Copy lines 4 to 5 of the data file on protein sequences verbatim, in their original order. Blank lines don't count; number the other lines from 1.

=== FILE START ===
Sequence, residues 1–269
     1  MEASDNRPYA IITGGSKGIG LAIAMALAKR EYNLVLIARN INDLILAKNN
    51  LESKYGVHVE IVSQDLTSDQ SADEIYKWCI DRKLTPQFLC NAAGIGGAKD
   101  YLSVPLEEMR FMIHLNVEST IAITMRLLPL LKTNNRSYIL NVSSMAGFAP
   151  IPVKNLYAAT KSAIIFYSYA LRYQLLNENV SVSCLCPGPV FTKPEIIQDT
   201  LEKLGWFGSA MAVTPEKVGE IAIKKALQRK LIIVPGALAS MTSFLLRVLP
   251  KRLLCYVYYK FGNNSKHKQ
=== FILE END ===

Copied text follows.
   101  YLSVPLEEMR FMIHLNVEST IAITMRLLPL LKTNNRSYIL NVSSMAGFAP
   151  IPVKNLYAAT KSAIIFYSYA LRYQLLNENV SVSCLCPGPV FTKPEIIQDT